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The AAPG/Datapages Combined Publications Database

AAPG Bulletin


Volume: 37 (1953)

Issue: 12. (December)

First Page: 2780

Last Page: 2780

Title: Classification of Spores and Pollen for Paleontologic Correlation.: ABSTRACT

Author(s): W. L. Norem

Article Type: Meeting abstract


One of the more important recent developments in micropaleontology is the use of plant spores and pollen for correlation purposes. These minute bodies are found in many sediments previously considered barren of diagnostic fossils. The classification of spores and pollen presents a complex problem because of the large number of types that represent almost every phylum of the plant kingdom and cover the geological time span from the Paleozoic to the present.

Classification under the International Rules of Botanical Nomenclature is confusing because materials of known affinities are classified according to phylogenetic relationships and those of unknown parentage according to morphological characteristics. No clear-cut distinction is made in the nomenclature between fossils classified in the natural and the artificial systems. A natural system is not necessarily the most satisfactory for the stratigraphic paleontologist because of the vast knowledge of systematic botany required for its application.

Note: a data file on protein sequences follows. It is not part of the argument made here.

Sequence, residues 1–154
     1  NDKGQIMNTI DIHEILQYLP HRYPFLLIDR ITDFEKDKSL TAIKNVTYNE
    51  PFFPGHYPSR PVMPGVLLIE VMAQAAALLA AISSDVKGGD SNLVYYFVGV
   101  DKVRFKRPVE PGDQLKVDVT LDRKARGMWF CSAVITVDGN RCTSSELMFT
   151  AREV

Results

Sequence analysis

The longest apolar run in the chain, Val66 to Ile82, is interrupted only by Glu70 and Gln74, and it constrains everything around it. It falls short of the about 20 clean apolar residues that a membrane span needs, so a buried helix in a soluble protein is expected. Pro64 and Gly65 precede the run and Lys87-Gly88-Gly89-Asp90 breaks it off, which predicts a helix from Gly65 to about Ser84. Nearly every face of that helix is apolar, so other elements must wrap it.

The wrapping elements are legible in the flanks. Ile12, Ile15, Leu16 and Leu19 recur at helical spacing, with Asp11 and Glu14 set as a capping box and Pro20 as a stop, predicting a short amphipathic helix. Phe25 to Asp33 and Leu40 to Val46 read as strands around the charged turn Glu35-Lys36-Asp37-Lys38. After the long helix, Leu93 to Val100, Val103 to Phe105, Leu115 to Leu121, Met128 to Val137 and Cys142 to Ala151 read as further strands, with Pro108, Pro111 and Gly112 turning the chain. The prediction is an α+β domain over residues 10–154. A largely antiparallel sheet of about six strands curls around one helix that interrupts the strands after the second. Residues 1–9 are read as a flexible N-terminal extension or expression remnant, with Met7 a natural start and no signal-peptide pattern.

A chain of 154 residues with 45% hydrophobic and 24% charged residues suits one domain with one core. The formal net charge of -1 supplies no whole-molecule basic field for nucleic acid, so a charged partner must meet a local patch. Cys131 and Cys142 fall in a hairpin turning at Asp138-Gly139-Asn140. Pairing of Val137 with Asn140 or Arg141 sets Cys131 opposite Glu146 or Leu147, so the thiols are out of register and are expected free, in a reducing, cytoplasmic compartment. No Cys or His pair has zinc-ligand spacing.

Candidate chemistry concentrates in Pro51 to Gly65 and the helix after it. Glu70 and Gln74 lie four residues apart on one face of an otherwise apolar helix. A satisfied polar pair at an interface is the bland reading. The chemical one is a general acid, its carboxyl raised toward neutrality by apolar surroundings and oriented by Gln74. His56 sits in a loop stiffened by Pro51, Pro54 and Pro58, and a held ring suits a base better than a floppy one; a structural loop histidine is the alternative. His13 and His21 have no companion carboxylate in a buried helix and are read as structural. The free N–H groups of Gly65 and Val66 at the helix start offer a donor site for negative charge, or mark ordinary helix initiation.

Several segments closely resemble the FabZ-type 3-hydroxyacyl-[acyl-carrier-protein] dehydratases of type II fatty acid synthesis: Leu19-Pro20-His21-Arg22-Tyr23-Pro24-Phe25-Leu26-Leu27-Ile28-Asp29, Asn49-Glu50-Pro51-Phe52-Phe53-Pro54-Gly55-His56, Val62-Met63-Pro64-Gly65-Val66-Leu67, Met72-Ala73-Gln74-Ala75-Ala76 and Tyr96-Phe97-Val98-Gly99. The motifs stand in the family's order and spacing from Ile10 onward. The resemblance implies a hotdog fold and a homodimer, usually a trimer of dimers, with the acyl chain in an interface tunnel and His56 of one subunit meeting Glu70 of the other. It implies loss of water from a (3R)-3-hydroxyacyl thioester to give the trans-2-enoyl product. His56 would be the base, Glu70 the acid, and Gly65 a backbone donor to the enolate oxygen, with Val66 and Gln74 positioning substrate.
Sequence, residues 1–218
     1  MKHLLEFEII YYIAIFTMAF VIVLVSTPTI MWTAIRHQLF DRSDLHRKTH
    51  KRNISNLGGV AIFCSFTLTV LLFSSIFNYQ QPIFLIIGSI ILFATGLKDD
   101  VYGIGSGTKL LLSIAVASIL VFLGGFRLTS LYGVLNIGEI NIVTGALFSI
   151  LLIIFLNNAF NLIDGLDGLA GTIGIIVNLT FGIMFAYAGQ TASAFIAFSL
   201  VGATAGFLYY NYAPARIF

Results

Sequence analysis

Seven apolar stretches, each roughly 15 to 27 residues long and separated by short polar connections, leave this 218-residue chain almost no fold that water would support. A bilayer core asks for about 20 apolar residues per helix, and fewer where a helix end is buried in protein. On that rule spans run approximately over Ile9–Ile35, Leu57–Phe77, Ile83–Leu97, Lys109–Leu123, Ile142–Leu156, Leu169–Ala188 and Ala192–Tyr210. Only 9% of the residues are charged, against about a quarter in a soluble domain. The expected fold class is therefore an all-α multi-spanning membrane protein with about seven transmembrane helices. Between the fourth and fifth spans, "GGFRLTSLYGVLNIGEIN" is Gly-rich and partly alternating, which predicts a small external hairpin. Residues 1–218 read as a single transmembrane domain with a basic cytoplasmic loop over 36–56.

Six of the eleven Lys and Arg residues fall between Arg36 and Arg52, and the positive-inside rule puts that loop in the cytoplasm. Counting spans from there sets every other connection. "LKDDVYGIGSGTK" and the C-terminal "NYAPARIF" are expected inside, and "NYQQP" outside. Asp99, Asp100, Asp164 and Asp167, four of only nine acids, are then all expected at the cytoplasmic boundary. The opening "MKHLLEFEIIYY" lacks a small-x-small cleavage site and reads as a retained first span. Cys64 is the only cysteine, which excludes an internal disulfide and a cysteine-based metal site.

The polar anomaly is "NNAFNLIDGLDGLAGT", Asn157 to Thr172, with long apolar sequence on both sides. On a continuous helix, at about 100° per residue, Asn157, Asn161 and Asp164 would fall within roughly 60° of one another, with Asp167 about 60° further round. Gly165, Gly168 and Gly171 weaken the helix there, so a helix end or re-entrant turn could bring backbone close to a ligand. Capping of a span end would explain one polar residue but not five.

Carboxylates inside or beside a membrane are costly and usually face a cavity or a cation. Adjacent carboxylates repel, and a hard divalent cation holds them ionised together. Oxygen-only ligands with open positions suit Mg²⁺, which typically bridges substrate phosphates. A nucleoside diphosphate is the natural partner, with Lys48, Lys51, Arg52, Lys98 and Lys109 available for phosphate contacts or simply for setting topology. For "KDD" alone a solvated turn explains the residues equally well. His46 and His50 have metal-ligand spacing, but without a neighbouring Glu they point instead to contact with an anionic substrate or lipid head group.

If fossil spores and pollen are to be brought quickly into usefulness for paleontologic correlation, a system of classification that is easy to use must be developed. Such a system must have a minimum possibility for confusion in its application. It must be comprehensive enough to cover all spore types from the Paleozoic to the present. It should contain the elements of a key for quick and easy reference. Like the International Rules of Botanical Nomenclature, its use should be universal so as to permit the free interchange of information on spores and pollen.

The classification based on morphological characteristics and proposed by G. Erdtman contains the elements of such a system. It must, however, be expanded in scope before it will be complete.

This artificial system is not intended to replace the natural system under the International Rules in paleobotany but it is intended as a practical substitute for use in stratigraphic paleontology. The fossil spores or pollen can be reclassified under the natural system when and if the affinities are ascertained.

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Copyright 1997 American Association of Petroleum Geologists